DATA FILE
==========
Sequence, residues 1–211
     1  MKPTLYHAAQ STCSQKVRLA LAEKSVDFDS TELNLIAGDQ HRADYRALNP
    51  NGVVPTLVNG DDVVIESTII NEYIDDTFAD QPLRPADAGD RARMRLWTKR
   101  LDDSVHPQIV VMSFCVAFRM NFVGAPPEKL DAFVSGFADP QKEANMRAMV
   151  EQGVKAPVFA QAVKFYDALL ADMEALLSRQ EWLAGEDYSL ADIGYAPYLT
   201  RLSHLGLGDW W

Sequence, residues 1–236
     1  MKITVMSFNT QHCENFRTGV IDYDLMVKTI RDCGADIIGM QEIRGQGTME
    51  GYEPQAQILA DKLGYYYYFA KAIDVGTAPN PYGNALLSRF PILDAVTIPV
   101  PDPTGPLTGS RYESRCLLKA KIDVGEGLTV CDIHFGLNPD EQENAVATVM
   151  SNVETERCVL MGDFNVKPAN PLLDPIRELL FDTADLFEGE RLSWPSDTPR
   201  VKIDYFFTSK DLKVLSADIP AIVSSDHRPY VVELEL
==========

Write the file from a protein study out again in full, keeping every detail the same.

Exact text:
Sequence, residues 1–211
     1  MKPTLYHAAQ STCSQKVRLA LAEKSVDFDS TELNLIAGDQ HRADYRALNP
    51  NGVVPTLVNG DDVVIESTII NEYIDDTFAD QPLRPADAGD RARMRLWTKR
   101  LDDSVHPQIV VMSFCVAFRM NFVGAPPEKL DAFVSGFADP QKEANMRAMV
   151  EQGVKAPVFA QAVKFYDALL ADMEALLSRQ EWLAGEDYSL ADIGYAPYLT
   201  RLSHLGLGDW W

Sequence, residues 1–236
     1  MKITVMSFNT QHCENFRTGV IDYDLMVKTI RDCGADIIGM QEIRGQGTME
    51  GYEPQAQILA DKLGYYYYFA KAIDVGTAPN PYGNALLSRF PILDAVTIPV
   101  PDPTGPLTGS RYESRCLLKA KIDVGEGLTV CDIHFGLNPD EQENAVATVM
   151  SNVETERCVL MGDFNVKPAN PLLDPIRELL FDTADLFEGE RLSWPSDTPR
   201  VKIDYFFTSK DLKVLSADIP AIVSSDHRPY VVELEL